video is ok but for the audio, it seems the volume is a bit low...I found the boost from the playback options...so no problem...
the only thing that can be improved IMHO is the sound/audio driver/codec/output device selection...
this is important for most people I think as most people watching movies on their computers are more or less audiophiles these days...well may be not the audiophiles but would demand better software audio devices like Breakaway audio enhancer etc etc and such Directsound or Waveout applications would require certain tweaking of the Audio output of a media playing app...so a settings page for Audio should include such a part
and the last thing is when I enabled Splash from NVIDIA control panel to use hardware acceleration, the subtitles are flashing on and off too quickly and I can't see them actually...may be it's a glitch with my Gefore960M on my Asus...anyway...it's a good player...I will be using it in place of BSPlayer for some time now...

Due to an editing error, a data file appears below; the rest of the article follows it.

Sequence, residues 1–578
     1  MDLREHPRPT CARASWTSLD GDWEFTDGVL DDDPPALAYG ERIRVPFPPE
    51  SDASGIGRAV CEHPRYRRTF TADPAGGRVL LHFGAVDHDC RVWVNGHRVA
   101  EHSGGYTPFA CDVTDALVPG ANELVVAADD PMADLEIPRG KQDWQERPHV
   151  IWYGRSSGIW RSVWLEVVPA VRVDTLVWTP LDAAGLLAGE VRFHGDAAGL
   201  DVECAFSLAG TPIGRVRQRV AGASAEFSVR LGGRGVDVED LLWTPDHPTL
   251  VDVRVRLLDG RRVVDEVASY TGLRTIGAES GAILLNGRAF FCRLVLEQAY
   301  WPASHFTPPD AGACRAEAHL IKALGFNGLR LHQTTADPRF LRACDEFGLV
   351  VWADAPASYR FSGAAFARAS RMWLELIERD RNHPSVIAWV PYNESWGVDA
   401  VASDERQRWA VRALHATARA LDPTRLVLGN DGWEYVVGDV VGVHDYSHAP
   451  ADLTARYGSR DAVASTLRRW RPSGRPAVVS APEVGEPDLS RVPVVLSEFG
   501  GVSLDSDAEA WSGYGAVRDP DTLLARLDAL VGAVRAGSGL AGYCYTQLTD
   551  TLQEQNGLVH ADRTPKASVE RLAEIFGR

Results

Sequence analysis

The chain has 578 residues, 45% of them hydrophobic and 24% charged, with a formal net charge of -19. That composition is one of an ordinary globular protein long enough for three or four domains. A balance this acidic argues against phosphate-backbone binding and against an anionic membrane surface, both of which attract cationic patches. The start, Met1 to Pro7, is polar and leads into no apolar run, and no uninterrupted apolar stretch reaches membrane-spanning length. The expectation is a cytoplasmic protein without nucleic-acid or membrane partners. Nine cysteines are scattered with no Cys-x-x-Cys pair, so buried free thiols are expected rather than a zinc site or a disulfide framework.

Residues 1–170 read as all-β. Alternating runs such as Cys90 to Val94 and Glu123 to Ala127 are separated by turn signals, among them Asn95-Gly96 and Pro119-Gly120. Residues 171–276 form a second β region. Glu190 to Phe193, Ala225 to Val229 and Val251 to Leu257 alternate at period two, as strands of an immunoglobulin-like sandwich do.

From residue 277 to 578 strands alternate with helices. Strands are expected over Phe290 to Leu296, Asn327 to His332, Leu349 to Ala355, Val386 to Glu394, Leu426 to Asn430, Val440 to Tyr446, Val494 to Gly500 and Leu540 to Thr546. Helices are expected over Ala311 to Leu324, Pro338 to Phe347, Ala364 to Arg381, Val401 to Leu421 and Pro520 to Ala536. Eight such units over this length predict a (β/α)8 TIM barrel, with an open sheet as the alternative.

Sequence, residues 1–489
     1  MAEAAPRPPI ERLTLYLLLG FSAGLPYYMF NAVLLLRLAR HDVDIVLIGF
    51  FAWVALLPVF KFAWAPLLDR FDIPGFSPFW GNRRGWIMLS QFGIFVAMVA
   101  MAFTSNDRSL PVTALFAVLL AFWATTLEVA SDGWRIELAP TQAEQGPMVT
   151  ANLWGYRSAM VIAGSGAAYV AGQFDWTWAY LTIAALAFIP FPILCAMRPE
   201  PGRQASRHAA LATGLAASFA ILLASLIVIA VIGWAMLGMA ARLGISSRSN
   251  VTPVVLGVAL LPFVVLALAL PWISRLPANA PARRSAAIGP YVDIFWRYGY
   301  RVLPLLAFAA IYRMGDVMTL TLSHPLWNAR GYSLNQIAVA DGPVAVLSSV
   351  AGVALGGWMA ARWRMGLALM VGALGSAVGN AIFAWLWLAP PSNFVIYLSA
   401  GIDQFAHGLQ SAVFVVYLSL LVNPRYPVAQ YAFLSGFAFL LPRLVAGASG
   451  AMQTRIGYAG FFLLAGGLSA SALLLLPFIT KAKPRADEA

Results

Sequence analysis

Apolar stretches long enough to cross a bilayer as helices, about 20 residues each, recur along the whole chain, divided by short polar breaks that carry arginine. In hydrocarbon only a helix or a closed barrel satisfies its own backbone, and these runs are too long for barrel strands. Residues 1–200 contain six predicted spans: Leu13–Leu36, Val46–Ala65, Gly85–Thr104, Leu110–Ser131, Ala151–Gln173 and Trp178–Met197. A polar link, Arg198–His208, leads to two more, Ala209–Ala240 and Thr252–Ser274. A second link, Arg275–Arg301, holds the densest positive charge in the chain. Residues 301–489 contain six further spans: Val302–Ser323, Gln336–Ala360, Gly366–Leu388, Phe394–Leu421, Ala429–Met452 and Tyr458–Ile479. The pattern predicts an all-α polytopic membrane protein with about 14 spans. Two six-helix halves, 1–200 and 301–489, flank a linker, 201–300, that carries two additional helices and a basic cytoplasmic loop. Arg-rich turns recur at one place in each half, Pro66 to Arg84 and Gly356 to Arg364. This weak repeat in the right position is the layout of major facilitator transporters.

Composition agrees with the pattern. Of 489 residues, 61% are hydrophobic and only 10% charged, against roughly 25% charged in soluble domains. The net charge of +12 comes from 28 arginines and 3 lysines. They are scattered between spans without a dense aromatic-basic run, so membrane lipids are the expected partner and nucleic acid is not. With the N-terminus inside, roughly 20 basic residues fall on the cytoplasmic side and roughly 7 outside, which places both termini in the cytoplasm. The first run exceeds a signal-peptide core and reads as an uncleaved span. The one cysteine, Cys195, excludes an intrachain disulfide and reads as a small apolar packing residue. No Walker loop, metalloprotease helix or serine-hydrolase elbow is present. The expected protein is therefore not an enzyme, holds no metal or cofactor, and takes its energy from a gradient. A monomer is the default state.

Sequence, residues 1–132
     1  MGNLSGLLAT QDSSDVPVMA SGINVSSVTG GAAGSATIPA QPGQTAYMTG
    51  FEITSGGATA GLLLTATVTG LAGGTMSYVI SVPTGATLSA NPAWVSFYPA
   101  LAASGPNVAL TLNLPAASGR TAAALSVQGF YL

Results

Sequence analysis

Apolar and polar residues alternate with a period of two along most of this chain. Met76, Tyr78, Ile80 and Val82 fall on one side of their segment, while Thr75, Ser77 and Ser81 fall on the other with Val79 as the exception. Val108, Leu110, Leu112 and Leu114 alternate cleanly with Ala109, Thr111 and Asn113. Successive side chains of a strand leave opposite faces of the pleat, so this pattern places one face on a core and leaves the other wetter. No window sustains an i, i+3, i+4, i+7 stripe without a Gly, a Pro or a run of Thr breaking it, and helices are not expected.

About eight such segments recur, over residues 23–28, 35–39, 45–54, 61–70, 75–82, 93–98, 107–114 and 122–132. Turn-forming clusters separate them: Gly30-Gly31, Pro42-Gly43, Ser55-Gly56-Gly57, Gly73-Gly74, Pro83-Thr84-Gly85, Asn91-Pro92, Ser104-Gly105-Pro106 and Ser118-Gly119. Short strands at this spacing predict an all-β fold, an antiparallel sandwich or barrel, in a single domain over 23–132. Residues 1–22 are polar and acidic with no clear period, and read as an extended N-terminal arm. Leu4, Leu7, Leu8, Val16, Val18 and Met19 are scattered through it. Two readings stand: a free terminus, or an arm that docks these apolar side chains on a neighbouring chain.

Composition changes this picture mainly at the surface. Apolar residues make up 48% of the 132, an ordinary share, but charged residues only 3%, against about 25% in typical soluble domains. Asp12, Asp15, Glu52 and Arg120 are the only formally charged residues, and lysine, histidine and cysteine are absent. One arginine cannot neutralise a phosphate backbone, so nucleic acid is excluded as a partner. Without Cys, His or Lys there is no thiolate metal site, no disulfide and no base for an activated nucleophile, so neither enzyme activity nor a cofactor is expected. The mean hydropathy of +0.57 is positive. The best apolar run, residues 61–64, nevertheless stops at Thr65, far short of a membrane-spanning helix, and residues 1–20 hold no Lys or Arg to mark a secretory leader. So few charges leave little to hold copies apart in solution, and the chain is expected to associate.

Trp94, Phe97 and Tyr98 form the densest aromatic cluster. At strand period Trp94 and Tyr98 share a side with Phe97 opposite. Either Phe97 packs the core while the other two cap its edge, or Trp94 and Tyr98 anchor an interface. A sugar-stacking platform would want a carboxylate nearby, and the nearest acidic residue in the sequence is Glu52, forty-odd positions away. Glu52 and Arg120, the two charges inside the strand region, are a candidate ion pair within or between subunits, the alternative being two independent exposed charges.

Reply   |   Comment by TS  –  7 years ago  –  Did you find this comment useful? yes | no (+3)

the strong part of this player/encoder is that he CAN USE a powerful videocard to play/convert high definition movies, and the processor is not stressed. i own a radeon r9 380 card and this player simply play hd movies without stress. also, it converted a ~2 hours movie in ~25 minutes, using gpu.

Reply   |   Comment by tEo  –  7 years ago  –  Did you find this comment useful? yes | no (+3)